“Jesus… came to His hometown, and His disciples followed Him. And on the Sabbath He began to teach in the synagogue, and many who heard Him were astonished, saying, ‘Where did this Man get these things? What is the wisdom given to Him? How are such mighty works done by His hands? Is not this the carpenter, the son of Mary and brother of James and Joses and Judas and Simon? And are not His sisters here with us?’ And they took offense at him. And Jesus said to them, ‘A prophet is not without honor, except in his hometown and among his relatives and in his own household.’” (Mark 6:1-4 ESV).

What a shame! Here was a whole town of people who thought that they had Jesus figured out! A whole community who thought that they knew Jesus, but didn’t really know Him at all. And in “dismissing” His divine identity, they were dismissing the very hope and only source of life that each and every one of Nazareth’s citizen’s so desperately needed.

“He could do no mighty work (miracles) there, except that He laid His hands on a few sick people and healed them. And He marveled because of their unbelief” (Mark 6:5-6 NSV).

A great many people have taught a great many things about verse five, saying that somehow God’s power was curtailed by the hard hearts of the people of Nazareth. But that isn’t so. Refusing to recognize the glorious identity of Jesus’ Person cannot in any way diminish His essence. What it DOES do, however, is tragically limit what we could have otherwise hoped for in knowing Him. If we choose to not recognize that from Him flow life-giving waters, we’ll not be able to quench our parched souls’ thirst for something more than what this physical life alone can supply (John 4:10, 14-15; Jeremiah 2:13). Or refusing to accept that He has the authority to forgive sin prevents us from having that cursed burden lifted from our shoulders, liberating us from crushing condemnation (Matthew 9:2, 5-6; John 8:10-11; Romans 8:1).

What miracles then couldn’t He do in the little burg of Nazareth? Well, His power over the physical realm was clearly unhindered for He was still fully capable of bringing healing to physical bodies (and did so for some). The people of Nazareth spiritual diseases, however, remained with them. The people’s collective refusal to accept Jesus for Who He was closed their hearts to His power over their sick souls and the spiritual hunger that only He could satisfy. In fact, Matthew 13 says that they “took offense at Him” (verse 57) and Mark 4 records that they not only were offended but just about “lynched” Him. And why? Because they didn’t like the fact that this “carpenter” forgot His place and was “meddling” with their personal lives. People don’t like people who point out their depravity, especially if the people pointing it out are their own people.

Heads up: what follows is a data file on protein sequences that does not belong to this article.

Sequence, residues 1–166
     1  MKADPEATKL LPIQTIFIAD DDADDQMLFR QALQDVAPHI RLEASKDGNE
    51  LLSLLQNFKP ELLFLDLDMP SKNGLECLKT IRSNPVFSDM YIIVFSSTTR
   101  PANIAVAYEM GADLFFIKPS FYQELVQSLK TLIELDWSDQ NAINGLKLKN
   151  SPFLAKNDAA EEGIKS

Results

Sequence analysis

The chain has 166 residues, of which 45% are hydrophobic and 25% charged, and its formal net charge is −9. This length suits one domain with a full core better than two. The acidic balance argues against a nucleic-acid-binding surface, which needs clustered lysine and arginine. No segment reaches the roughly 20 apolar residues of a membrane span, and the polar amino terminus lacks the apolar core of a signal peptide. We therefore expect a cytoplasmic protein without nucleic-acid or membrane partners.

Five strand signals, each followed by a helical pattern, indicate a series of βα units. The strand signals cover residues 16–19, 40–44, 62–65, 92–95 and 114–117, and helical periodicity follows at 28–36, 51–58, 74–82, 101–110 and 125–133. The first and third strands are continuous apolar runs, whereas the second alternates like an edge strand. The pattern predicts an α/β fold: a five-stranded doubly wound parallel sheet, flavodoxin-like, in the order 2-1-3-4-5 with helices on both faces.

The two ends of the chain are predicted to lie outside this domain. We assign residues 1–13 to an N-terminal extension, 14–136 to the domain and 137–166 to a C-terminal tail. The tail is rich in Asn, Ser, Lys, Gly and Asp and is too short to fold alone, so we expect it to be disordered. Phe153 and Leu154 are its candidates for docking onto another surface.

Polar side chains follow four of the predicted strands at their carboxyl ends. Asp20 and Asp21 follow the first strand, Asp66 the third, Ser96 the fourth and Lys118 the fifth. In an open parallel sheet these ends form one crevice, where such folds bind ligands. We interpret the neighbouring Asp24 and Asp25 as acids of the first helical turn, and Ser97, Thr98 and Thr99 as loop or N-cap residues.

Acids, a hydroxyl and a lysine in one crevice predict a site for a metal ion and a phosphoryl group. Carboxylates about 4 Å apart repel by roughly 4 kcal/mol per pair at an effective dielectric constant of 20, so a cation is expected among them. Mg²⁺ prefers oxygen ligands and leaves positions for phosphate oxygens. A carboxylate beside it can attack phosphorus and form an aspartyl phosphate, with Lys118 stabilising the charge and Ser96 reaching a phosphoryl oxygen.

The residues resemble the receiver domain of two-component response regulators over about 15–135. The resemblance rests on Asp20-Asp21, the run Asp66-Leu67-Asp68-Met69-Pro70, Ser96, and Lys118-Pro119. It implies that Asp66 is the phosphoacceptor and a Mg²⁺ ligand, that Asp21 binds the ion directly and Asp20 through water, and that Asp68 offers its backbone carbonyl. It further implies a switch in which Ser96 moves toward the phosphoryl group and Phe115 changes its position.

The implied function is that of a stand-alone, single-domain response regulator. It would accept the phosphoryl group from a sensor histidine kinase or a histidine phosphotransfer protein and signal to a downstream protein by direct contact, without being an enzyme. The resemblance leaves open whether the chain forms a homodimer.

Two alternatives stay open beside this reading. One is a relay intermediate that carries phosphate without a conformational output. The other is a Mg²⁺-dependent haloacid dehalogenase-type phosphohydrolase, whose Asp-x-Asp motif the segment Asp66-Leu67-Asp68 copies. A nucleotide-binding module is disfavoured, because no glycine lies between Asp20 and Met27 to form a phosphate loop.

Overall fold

We’ll say things like, “Just who does he think HE is anyway? Why that hypocrite! Where does HE get off telling ME how to live my life!” and so on. And how do I know that the spiritual realm is where Jesus “couldn’t” do His miracles in the hearts of the Nazarenes? Because of what happens next in Mark 6. When Jesus leaves Nazareth and begins to reach out with the love of God to the neighboring villages, He sends out His disciples with the message that “people should repent” (Mark 6:12).

Again, Jesus’ essence cannot be diminished by lack of faith on your part or mine, but we are rendered “unreachable” if we refuse to climb down off of the pedestal of our pride or relinquish our selfishness. Rejecting His right to our lives as Lord or refusing to acknowledge the truth of His Word as applied to our lives (e.g., that we need to forsake sin and follow Him) leaves us shut out of the grace that He would lavish upon us if we would simply humble ourselves and turn to Him.

Just think of the power that God could unleash in your life if you would turn wholeheartedly to Him and let Him into your heart! Such power can transform you, your family, your community, and your country!

“If My people who are called by My name humble themselves, and pray and seek My face and turn from their wicked ways, then I will hear from heaven and will forgive their sin and heal their land” (2 Chronicles 7:14 ESV).

We as a people need miracles. We need the miracle of lives being changed from self-serving to serving God and others. We need the miracle of hearts being set free from hopelessness and despair, given instead a new destiny filled with purpose, peace, and joy. The fact is that God is wanting to do just that in our lives. The only thing He is waiting on is for us to really start believing that He is Who He says He is, repent, and turn to Him.

 

Copyright © Thom Mollohan